Laurel’s overprotective dad and a detective in Starling City’s police department. Loathes Oliver, loathes Tommy, loathes the Hood. Not terribly competent, not terribly likeable, perpetually grumpy. However, Paul Blackthorne was one of the few saving graces of ABC’s short-lived, train-wreckish supernatural prime-time soap The Gates (he played a suavely evil vampire, while his beauteous Arrow costar Colton Haynes played a moody teen werewolf), and thus my feelings toward Quentin are mostly warm.
Slade Wilson (Manu Bennett)
A gruff and mysterious Australian Intelligence agent who allies himself with Oliver during his time on the island. Has awfully nice upper arms.
Shado (Celina Jade)
A martial-arts master who teaches Oliver some mad archery skillz whilst stranded with him on the island. Shado gets repeatedly captured and used as a hostage by various island miscreants, which: knock it off, Arrow. It’s been established that she’s a badass; let’s start seeing some signs of this.
Roy Harper (Colton Haynes)
A feisty young hoodlum with great cheekbones and an impressive rap sheet. Roy spends his time romancing Thea, stealing cars, getting beat up, and hero-worshipping the Hood. Roy is fun.
Malcolm Merlyn (John Barrowman)
Tommy’s villainous, mass-murdering dad, who has his own dangerous secret identity: He’s the Dark Archer, a bigger, stronger, meaner version of the Hood. John Barrowman, folks. I mean, John Barrowman.
The Story Thus Far:
Five years ago: Billionaire Robert Queen, CEO of Queen Consolidated, sets sail from Starling City to China. His shiftless twentysomething son, Oliver, tags along for the ride, accompanied by Sarah Lance, the younger sister of his steady girlfriend, Laurel. An explosion sinks the boat, killing Sarah and most of the crew. Robert and Oliver make it to a life raft, along with another crew member. After floating adrift at sea for days, Robert murders the crew member and shoots himself in the head, all to improve Oliver’s chances of reaching land before supplies run out.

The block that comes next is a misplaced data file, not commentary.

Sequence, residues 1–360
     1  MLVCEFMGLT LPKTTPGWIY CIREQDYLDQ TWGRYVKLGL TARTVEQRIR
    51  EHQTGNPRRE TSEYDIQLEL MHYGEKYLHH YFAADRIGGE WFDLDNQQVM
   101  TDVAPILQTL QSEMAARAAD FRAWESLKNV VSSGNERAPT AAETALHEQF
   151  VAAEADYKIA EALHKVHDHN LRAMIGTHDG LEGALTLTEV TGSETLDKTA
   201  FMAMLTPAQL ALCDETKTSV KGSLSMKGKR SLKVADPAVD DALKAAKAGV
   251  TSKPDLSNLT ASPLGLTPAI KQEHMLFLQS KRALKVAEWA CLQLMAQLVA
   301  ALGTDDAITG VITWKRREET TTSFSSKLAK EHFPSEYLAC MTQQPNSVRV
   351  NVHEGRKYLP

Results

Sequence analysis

(Oliver likes to wax philosophic about how his father sacrificed himself so he might live. We’re into the second season now, and I’m still waiting for Oliver to acknowledge that murdering that poor crew member was, like, morally wrong or whatever. I suspect I’ll be waiting a while. Oliver’s moral compass is in need of realignment.)
Oliver makes his way to a mysterious island, where he’s taken under the wing of an exiled Chinese military officer, Yao Fei (Byron Mann, aka Ryu in Street Fighter, the very best gleefully terrible mid-nineties film based on an old arcade game, edging out such formidable competition as Mortal Kombat, Double Dragon, and yes, even Super Mario Bros). While dodging various hostile factions on the island, Oliver teams up with Yao Fei’s daughter, Shado, and Slade Wilson, an Australian secret agent, both of whom teach him the skills he needs to survive in this dangerous environment… look, let’s just move on, because no one cares about the island plotline. All episodes, which are primarily set in present-day Starling City, are peppered with multiple flashbacks to Oliver’s time on the island, which means we’re deluged with scenes of Oliver training in archery, hand-to-hand combat, etcetera, all of which: a) are repetitive and dull, and b) suck valuable momentum away from the action taking place in the present.
(I understand that Oliver’s island training is crucial to Green Arrow’s origin story. I get that, I do. Still, wouldn’t it have been far cooler if the island flashbacks were omitted entirely, and the question of how Oliver picked up his sweet new skills—his prowess with a bow and arrow, his knowledge of martial arts, his fluency in Chinese and Russian—during his missing years was left as a big, tantalizing mystery?)
Present day: Following his eventual rescue from the island, Oliver returns home, hardened yet purposeless. His father kept a secret notebook filled with the names of Starling City’s most corrupt citizens: drug dealers, crime bosses, slumlords, embezzlers. Determined to clean up the city, Oliver creates a secret identity, that of a leather-clad, bow-wielding vigilante known as the Hood, and systematically murders his way down the list of names. He recruits a pair of accomplices: Digg, a former soldier set on avenging his brother’s death at the hands of an assassin named Deadshot, and Felicity, the sharpest employee in Queen Consolidated’s IT department. They set up a cool superhero lair in the basement of Verdant, a sleek nightclub that Oliver runs to help maintain his outward appearance of a shallow, dissolute trust-fund baby.